Ferris Bueller’s Day Off (1986) Film Review by Gareth Rhodes

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Ferris Bueller’s Day Off (1986) Directed by John Hughes. With Matthew Broderick, Alan Ruck, Mia Sara, Jeffrey Jones, Jennifer Grey, Cindy Pickett and Lyman Ward.


I don’t often stand opposed to the consensus of opinion when it comes to recognised classics, but I can’t so much as find myself a comfy spot on the fence for John Hughes’ 1986 ‘feel-good’ comedy caper Ferris Bueller’s Day Off.  This is one of those films you’re not allowed to dislike. Its overlying message is to embrace youth, enjoy yourself while celebrating the random opportunity of life. Saying anything negative is like kicking a puppy – people will just think you’re strange. So be it. This film annoys the living crap out of me.

Matthew Broderick (Ferris) awakens one beautiful Chicago morning and decides to feign illness to get a day off school. His parents believe him and he sets about an elaborate plan to have a memorable day.

One of my issues with Ferris Buller’s Day Off, is that the central gag is worn down to a nub. The film is painfully drawn out over the course of 102 minutes, which is a long time to keep repeating the same joke. When they do hit on a comedy moment, they overplay it. Alan Ruck’s (Ferris’ friend) prank call to the school headmaster (Jeffrey Jones) gets exhausted as it runs in to overtime. Then, as if that were not enough, they repeat the exact same gag in a restaurant 2o-mins later.

It doesn’t help that I can’t find it within myself to remotely like anything about Matthew Broderick as Ferris. The source of his comedy is predicated on him being a smart-ass. He’s supposed to be charmingly annoying, yet he’s just plain annoying. The success of the film hinges on us siding with him, yet I spent the last 40-mins willing him to get caught. Put Michael J. Fox in that role, and I’d be making different noises.

The best comedy moments are the incidental ones – the teacher (Ben Stein) fighting for the attention of his half-asleep classroom. Aside from him, Jeffrey Jones and his school secretary, Edie McClurg, the supporting characters are a collection of glorified props while the pacing is all over the place. Jennifer Grey is well and truly ‘in the corner’ as Ferris’ sister. We spend what feel like pointless scenes with her, during which she moans about her bothersome brother.

Despite sticking it out to the bitter end, I lost patience with this film long before the final credits. It begins with a sense of cheeky promise, but splutters, drags and stalls before it gets anywhere near the finish line. The idea of teenagers upstaging authority figures is nothing new in a John Hughes project, however, Home Alone and The Breakfast Club did a more endearing job of it. 2/5

About garethrhodes

Full-time lover of all things creative.
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7 Responses to Ferris Bueller’s Day Off (1986) Film Review by Gareth Rhodes

  1. I wonder if you always felt this negative about Ferris Bueller’s Day Off, or did that come with subsequent viewings in adulthood? Alas, I have always enjoyed this film, and the perhaps at-times plodding characterization or narrative stream are blinkered against my nostalgia. This, of course, is my downfall: I simply cannot look at this film afresh and, so, it remains wonderful and silly.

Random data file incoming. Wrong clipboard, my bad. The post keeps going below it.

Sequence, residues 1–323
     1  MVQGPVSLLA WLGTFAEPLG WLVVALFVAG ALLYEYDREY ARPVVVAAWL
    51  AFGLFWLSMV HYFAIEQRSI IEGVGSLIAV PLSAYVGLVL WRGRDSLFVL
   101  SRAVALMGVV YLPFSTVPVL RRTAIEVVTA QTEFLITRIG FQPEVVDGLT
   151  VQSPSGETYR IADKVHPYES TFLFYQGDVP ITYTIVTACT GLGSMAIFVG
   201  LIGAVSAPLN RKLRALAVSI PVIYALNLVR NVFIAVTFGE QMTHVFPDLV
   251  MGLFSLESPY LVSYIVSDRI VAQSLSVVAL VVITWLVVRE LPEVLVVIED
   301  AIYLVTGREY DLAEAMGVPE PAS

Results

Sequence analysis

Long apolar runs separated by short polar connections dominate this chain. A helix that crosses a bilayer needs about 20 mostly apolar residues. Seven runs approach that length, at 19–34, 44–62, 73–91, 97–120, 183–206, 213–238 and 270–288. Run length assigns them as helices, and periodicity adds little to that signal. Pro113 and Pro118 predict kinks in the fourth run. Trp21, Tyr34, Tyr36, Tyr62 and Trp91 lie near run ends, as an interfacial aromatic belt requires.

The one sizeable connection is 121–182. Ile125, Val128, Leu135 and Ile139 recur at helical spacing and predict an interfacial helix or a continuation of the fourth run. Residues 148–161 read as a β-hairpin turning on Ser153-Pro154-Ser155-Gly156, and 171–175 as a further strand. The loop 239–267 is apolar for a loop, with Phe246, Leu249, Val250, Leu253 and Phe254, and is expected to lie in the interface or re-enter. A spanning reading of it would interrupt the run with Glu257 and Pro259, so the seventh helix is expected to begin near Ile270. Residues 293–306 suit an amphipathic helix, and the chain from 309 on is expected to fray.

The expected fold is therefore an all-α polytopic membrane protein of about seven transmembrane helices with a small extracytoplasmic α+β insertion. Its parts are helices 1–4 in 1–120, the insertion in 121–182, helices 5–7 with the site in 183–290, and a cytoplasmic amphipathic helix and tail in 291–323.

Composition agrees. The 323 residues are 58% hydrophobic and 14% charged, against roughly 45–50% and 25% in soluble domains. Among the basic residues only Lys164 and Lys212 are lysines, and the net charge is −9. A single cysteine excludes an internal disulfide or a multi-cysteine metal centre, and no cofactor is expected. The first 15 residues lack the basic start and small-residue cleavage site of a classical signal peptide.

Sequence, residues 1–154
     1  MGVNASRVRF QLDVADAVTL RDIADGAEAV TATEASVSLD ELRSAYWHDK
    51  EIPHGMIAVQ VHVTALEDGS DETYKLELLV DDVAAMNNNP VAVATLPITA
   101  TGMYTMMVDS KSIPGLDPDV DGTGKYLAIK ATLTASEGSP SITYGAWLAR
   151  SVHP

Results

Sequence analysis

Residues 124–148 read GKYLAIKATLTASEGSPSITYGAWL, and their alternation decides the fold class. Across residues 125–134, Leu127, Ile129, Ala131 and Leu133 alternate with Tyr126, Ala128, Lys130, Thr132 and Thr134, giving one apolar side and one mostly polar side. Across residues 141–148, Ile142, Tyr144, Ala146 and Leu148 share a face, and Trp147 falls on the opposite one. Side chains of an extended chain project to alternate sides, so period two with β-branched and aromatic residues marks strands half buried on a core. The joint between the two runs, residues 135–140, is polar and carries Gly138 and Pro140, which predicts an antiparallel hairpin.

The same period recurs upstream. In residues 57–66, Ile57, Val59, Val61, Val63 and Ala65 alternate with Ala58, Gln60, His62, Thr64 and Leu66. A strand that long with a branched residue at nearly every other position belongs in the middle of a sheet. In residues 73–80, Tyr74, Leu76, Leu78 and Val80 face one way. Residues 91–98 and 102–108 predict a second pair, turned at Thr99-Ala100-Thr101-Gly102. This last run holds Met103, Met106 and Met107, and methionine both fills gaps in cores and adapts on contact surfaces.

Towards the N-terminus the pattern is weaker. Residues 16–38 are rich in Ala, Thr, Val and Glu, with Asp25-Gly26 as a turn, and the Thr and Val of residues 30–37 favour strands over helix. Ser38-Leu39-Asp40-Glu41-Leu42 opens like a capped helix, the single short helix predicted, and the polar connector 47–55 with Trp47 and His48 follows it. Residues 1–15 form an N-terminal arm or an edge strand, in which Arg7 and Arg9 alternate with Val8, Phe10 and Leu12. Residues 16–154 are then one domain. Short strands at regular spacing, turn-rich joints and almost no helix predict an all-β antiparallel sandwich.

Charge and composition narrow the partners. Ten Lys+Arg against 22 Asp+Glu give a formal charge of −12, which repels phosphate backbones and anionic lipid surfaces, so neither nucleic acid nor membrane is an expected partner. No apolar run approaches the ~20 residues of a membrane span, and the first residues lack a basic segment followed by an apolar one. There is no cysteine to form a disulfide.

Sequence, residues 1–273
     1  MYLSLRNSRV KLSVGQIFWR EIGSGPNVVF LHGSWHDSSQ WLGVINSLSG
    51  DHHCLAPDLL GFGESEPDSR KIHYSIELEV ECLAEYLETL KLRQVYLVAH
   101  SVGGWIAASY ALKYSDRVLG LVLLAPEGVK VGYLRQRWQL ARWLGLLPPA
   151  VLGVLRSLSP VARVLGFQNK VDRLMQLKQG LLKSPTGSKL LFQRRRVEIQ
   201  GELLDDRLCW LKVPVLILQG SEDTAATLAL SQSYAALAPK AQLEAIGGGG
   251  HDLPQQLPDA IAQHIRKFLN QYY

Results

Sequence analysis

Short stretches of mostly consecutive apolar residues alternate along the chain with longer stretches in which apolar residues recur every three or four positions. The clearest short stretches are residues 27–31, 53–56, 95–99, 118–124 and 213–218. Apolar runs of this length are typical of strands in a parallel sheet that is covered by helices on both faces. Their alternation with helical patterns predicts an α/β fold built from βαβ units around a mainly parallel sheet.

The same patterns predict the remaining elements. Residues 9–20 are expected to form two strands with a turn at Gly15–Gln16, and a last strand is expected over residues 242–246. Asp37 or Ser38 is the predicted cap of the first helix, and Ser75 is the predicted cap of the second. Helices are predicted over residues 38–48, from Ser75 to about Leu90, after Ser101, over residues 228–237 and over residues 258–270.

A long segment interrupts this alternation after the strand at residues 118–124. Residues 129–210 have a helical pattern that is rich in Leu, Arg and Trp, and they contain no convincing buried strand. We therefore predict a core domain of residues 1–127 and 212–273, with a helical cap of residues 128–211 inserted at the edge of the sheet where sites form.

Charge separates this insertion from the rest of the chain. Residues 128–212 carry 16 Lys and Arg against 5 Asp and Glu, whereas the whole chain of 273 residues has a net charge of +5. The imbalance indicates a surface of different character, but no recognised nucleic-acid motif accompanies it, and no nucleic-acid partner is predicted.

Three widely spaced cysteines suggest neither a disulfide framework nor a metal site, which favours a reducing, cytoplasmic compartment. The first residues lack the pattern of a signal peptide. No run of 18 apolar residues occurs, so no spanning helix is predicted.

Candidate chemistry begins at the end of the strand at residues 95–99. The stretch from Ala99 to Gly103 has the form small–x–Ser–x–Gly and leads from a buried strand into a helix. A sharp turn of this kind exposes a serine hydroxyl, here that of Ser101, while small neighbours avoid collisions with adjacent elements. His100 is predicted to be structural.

I always like your writing, though.

    • garethrhodes says:

      Thank you very much. Great response. I did see it when I was younger, and I remember being baffled by its popularity back then. I revisited it to see if I had missed the point. I don’t think I did. I think the 15yr old me was bang on the money. I found it boring. The scene in which an entire crowd bows to him as he mimes ‘Twist and Shout’. The repeated gags. The uneven pacing. The pointless Jennifer Grey character. So many spare, blunt elements. I love how subjective films are, though. I’m glad that it is a film that has enriched people’s lives and I realise I’m in the minority with my opinion, but it does nothing for me.

      • Well, “enriched” may be pushing it (for me, at least), but I never saw it as boring. More than anything, I saw it as a collection of funny scenes, insofar people would say after: did you like the Twist and Shout bit or the crashing care scene at the end more? That kind of thing. For me, the droning teacher is exceptionally funny (as you point out) and a – relatively – subtle glimpse of humour in a preposterous film that seems to fulfill the dreams of many kids: being cool, getting the girl, driving a cool car, pranking… and never getting caught.

      • garethrhodes says:

        I wish that I could have enjoyed those aspects of it. I see them laid out in front of me, but It felt like going through the motions. It’s a shame not be able to speak more highly of it. I’m not usually one for going against the grain. Thank you for such a thoughtful response. I’m glad to have the opposing view on here.

  2. Laura says:

    Ha! I love that you hate this film. I always liked it and consider it to be one of those 80s teen classics, but…BUT…I concur that Ferris is irritating, and I think he’s hard to empathise with. He’s a smart-arse and I wanted him to get caught.

    • garethrhodes says:

      Hi Laura, great to hear from you. The subjectivity of films constantly amazes me. I don’t usually kick up a stink about a classic film, and I came to Ferris Bueller’s hoping for a great time. It almost annoys me that I was annoyed by it, if you get what I mean. Matthew Broderick just did my head in. I’m not sure I’ll ever see him the same way again. His smug, self-satisfied face. He’s exactly the sort of annoying kid I hated at school. Agh!

      Michael J. Fox’s Day off would have been a timeless classic.

  3. Laura says:

    Also, Michael J. Fox’s Day Off would have been AWESOME!

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